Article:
Senior-Career NCOs: Strategic Education and Cross-Cultural Competency
The Army should develop strategic mindedness and cross-cultural competencies to prepare senior NCOs for the upper strata of responsibility. It can accomplish this by allowing senior NCOs to pursue graduate studies and attend foreign academic institutions. The U.S. Army’s Advanced Military Studies Program provides an ideal venue for promotable-master sergeants and sergeants major to hone operational perspectives, and the Olmsted Scholars Program provides a template for developing cross-cultural competency. The Advanced Military Studies Program is a 10-month resident program that produces critical thinking leaders who can present viable options for operational problems. This course would prepare sergeants major for service on division and higher-level staffs. The George and Carol Olmsted Scholars Program sends exceptional captains to the Defense Language Institute followed by duty at an overseas university for two years of graduate school. A program of this structure would provide sergeants major with a deep understanding of other cultures while gaining skills necessary to win in multinational environments. In return, the Army could pair this program with Regionally Aligned Forces or service in a Security Forces Assistance Brigade. Together these programs prepare senior enlisted leaders to add significant value to their formations, staffs, and commanders.
Expanding educational programs and creating a complimentary professional military education structure will better prepare leaders at all levels for future challenges. These initiatives do not suggest that civilian education programs will somehow replace the necessity of combat training, nor does it suggest that current enlisted education lacks value. On the contrary, the experience gained through tough, realistic training events must remain the primary development tool for military leaders. This article does build upon the U.S. Army’s current enlisted development programs by recognizing a simple truism: Winning wars often requires out-thinking adversaries. Symbiotic professional military education offers a chance for NCOs and officers to learn, network, and share in collaborative learning environments. Resident education programs offer NCOs an opportunity to depart their comfort zones and develop new perspectives while earning a college degree. Together these initiatives prepare Army leaders to out-think adversaries and win in a complex world.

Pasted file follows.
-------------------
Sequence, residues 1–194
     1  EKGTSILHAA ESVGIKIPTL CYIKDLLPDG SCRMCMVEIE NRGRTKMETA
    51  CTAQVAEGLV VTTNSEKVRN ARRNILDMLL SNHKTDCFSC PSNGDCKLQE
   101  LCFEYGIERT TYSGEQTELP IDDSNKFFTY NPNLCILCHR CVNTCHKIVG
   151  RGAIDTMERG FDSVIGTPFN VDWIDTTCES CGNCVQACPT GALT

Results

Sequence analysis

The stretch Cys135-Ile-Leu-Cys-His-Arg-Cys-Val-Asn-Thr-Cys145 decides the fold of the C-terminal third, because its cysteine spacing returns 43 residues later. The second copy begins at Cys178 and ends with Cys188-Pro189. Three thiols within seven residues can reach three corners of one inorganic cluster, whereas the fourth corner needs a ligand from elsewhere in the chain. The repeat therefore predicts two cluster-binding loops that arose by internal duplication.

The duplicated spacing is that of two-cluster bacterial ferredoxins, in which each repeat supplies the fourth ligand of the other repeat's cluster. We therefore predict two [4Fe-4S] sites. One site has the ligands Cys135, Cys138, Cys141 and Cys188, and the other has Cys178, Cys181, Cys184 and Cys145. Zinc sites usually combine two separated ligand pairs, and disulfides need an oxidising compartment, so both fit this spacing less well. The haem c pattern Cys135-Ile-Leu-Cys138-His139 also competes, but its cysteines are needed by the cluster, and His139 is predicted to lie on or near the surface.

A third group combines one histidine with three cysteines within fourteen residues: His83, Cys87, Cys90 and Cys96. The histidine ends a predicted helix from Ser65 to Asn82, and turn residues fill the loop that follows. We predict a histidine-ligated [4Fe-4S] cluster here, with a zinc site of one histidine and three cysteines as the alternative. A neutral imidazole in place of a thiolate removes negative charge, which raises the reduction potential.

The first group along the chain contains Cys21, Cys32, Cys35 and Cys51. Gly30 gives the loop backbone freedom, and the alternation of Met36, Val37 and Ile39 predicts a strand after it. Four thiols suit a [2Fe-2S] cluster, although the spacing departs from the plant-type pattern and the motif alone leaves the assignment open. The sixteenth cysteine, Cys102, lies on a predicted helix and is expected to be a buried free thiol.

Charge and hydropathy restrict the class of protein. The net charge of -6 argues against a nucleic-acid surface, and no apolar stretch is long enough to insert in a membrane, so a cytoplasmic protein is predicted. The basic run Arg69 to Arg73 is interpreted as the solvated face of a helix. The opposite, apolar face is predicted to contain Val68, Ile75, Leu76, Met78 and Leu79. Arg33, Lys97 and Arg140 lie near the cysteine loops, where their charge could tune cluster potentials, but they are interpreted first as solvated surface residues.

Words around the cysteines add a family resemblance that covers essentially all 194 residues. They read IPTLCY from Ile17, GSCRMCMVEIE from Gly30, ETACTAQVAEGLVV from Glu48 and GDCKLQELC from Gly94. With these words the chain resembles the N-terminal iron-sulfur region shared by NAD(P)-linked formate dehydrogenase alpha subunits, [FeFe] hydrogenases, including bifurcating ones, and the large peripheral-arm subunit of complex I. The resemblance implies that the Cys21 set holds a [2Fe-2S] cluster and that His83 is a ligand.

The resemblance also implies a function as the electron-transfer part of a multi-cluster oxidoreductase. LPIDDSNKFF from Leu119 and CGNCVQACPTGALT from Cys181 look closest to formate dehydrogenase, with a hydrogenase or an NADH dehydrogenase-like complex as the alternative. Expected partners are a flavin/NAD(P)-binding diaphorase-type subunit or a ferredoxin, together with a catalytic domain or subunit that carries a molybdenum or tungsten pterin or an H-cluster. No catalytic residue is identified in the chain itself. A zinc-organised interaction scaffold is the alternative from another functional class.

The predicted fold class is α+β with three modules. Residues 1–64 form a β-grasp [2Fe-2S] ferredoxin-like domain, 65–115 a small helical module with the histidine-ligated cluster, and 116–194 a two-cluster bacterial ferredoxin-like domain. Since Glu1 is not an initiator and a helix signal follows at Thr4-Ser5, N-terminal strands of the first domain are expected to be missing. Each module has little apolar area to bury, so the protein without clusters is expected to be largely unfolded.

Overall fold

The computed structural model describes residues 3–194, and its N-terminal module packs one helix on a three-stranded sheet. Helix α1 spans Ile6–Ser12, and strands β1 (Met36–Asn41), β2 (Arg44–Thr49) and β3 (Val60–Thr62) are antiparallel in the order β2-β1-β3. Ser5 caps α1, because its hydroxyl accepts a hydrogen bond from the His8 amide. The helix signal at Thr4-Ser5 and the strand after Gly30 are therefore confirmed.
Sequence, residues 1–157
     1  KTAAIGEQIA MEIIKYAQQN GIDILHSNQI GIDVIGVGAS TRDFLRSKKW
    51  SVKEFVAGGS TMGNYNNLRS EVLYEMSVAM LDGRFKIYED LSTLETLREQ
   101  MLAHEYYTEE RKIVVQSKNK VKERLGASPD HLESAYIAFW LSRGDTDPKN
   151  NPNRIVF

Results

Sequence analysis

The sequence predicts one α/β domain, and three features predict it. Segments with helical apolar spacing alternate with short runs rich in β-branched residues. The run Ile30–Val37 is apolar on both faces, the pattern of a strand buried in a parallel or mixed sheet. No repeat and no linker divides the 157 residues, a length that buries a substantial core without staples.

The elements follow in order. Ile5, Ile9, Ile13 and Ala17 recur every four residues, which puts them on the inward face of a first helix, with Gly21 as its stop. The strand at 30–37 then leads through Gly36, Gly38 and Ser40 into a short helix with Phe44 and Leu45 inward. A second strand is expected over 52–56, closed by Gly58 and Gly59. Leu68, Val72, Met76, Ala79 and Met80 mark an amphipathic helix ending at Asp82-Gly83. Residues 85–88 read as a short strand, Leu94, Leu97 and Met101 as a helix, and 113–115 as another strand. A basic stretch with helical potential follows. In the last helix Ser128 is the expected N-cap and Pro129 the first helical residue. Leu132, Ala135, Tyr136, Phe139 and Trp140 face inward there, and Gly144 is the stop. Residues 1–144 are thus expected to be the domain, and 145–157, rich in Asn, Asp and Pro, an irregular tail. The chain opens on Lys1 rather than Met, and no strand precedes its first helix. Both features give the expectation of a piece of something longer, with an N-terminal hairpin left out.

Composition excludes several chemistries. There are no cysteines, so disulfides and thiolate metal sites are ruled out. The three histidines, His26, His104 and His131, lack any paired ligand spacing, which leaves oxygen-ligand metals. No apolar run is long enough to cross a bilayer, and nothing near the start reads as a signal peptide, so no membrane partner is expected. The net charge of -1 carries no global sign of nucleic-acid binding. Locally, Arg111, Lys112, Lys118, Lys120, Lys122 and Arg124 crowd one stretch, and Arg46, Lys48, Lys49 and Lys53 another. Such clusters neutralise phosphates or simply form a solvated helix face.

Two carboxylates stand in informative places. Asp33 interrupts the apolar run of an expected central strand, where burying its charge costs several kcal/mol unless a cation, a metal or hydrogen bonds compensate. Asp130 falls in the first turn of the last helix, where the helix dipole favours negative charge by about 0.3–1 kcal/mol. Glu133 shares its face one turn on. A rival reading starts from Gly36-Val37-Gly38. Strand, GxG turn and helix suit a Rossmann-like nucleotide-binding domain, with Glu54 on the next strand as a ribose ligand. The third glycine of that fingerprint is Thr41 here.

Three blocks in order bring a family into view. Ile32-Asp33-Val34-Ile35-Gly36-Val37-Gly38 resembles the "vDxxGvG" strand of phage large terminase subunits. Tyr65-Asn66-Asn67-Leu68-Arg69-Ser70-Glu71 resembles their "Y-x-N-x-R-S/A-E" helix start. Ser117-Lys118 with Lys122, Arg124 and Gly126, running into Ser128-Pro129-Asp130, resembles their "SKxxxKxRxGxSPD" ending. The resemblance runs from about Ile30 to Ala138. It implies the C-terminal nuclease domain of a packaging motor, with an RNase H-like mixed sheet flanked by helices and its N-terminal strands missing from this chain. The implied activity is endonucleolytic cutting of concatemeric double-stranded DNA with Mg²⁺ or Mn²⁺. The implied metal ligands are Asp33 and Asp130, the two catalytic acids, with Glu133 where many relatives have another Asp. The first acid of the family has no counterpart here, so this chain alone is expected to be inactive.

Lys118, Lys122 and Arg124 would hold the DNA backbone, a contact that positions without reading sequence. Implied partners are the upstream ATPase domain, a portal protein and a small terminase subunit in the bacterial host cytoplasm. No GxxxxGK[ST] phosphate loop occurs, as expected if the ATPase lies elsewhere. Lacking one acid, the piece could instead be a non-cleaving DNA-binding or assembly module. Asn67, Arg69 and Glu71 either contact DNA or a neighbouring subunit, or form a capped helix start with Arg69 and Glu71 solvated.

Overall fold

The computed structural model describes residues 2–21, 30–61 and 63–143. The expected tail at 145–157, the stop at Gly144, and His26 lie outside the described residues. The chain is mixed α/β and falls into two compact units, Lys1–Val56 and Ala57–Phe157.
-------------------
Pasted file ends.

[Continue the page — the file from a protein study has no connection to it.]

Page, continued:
Master Sergeant Matthew Reed is an airborne infantryman who cares about leader development and enlisted education. He served in all Infantry leadership positions from Team Leader to Brigade HHC First Sergeant, including tours as a Ranger Instructor and ROTC Senior Military Instructor. Currently, he is pursuing his Masters at the University of Texas at El Paso while he sharpens his mind as a student at the U.S. Army Sergeants Major Academy.
The views expressed herein are those of the author and do not reflect the official policy or position of the Sergeants Major Course, the Department of the Army, Department of Defense, or the U.S. government.
Image: U.S. Army photo by Lisa Ferdinando